"The Callers" is a quirkily entertaining (and potty-mouthed) world-premiere musical about phone sex and phone psychic workers, produced by Washington Ensemble Theatre.

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First you notice the phones. There are a couple dozen in a rainbow assortment of bright and pastel colors.

They are all outre wall models, with long wiggly cords (remember those?), and they are all around the black-box Little Theatre on Capitol Hill.

Those plastic wonders are not the only thing retro about “The Callers,” the goofy new pop musical premiered by Washington Ensemble Theatre.

The show’s appealingly derivative score is a hodgepodge of vintage musical styles: there’s Broadway razzamataz, old-school rap, ’80s-style power ballads, a smidge of Sondheim here and a dash of doo-wop there.

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But in other respects it’s hard to imagine “The Callers” in any era but the present. When else would one find a cheerfully potty-mouthed (and definitely R-rated) rom-com-ish tuner about phone sex workers — like a raunchier “Glee” overlaid with a supernatural psychodrama?

Staged with ingenuity and splash by Andrew Russell, and performed with wacky conviction by a cast that sings, dances and talks dirty, “The Callers” is both ridiculous and entertaining. Or entertainingly ridiculous, and surprisingly sweet. Just don’t expect it to make a point (or even a whole lot of sense).

Most absurd is the kinked-up plot, focusing on two roomies, Bea (Claudine Mboligikpelani Nako) and Emma (Kate Sumpter). Both are in mourning for lost loved ones, and employed as, ahem, what can be technically described as audio erotic performers.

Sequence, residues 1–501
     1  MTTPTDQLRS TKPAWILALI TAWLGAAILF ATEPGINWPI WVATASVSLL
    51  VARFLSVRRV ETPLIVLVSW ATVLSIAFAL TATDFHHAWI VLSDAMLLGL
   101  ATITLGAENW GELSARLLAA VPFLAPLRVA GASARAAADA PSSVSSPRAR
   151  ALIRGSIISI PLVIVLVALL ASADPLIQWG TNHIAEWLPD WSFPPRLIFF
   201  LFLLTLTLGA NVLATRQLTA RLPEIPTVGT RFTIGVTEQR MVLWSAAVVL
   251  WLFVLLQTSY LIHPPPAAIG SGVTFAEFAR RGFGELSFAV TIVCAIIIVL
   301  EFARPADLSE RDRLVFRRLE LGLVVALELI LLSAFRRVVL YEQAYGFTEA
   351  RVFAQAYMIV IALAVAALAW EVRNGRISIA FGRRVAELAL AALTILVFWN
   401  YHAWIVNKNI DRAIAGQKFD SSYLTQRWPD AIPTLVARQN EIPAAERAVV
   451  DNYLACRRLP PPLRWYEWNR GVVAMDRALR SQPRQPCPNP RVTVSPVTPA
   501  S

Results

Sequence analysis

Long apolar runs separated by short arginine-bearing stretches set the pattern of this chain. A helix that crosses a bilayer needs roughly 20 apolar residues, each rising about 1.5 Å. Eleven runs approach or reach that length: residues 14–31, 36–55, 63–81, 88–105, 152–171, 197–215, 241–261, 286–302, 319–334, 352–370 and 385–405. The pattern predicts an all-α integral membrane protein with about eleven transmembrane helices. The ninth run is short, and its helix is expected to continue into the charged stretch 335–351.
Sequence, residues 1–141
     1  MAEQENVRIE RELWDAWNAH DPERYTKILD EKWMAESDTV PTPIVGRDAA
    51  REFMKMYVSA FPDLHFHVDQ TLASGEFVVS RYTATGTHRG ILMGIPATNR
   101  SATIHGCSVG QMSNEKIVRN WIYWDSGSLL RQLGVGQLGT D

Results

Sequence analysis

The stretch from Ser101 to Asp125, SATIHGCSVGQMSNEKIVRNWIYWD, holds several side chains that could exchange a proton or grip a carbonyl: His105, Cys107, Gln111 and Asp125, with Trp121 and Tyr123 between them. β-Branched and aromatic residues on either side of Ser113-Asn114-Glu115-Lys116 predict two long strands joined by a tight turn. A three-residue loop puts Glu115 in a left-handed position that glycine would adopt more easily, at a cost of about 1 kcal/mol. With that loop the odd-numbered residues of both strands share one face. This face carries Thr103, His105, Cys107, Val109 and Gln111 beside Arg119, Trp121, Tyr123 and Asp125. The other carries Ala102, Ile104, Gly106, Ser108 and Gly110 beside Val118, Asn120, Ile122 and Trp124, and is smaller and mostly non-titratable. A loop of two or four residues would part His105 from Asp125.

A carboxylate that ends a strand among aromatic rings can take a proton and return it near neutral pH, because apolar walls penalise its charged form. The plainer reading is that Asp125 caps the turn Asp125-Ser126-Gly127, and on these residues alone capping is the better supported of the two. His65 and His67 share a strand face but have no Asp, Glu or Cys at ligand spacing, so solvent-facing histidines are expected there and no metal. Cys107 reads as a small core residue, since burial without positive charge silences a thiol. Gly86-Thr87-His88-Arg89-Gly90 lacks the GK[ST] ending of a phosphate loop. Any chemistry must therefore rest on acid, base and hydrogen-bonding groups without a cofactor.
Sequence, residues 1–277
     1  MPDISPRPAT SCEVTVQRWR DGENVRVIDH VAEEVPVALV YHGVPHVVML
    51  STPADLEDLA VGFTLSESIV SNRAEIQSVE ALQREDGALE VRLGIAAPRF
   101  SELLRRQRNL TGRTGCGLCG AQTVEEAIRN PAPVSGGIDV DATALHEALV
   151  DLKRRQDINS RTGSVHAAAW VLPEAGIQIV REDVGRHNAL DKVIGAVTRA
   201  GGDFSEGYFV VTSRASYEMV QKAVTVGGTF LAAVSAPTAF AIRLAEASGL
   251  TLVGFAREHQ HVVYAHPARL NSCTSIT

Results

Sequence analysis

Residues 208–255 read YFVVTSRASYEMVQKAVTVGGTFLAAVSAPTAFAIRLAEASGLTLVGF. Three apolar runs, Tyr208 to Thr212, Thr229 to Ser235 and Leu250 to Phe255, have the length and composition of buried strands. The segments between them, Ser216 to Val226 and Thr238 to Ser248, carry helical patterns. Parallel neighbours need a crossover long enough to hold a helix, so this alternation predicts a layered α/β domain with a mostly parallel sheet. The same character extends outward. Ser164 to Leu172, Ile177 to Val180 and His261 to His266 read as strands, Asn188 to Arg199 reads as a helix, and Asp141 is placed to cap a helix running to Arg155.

Though their very sexually explicit chatter with callers is patently fake, somehow these gals are suckers themselves for another phone racket: a psychic hotline claiming to put people in touch with the deceased. It’s manned by the devilish blade Viktor (Ali el-Gasseir, oozing a sleazebag’s smarmy bravado), and the shy, nebbishy novice Kevin (Richard Andriessen).

Composed with panache by Andriessen, with a slapdash script by Ella Dorband and el-Gasseir, the show is most disarming when the versatile eight-member ensemble sings out the enjoyable grab-bag score with quirky self-accompaniment on piano, guitar, mandolin, etc.

Nako is a find, with her natural aplomb and a big, blues-tinged voice that easily fills the room. Andriessen also emerges as a nimble house pianist whose clear, strong singing pipes can handle anything the score throws at him. And when the gags click, the lanky Sumpter and others score laughs.

What throws off the idiosyncratic rhythms of “The Callers” is the book. One doesn’t expect intricate psychology here, but that doesn’t mean we should know next to zilch about the main characters apart from their obsessions with phones and ghosts.

The banter (both naughty and clean) is a mixed bag: some frisky-fresh, and some (particularly the girl-chat between glum Bea and daffy Emma) sitcom-stale or just coarse.

The woozy zigzags of the schizoid plot are part of the fun here. Yet when the authors attempt a left-field whammy with a surprise ending, the sap content rises.

“The Callers” should attract a cult following in Seattle — though if a future life is planned, some vigorous revision is in order. What the production does prove is that WET can marshall the right director, composer and actors to pull off their own offbeat version of a song-and-dance extravaganza.

Note: WET is also branching out in another direction to present its first children’s show, “Urban Tanaki Samurai,” which plays weekend matinees, Saturday-Feb. 5.

Misha Berson: mberson@seattletimes.com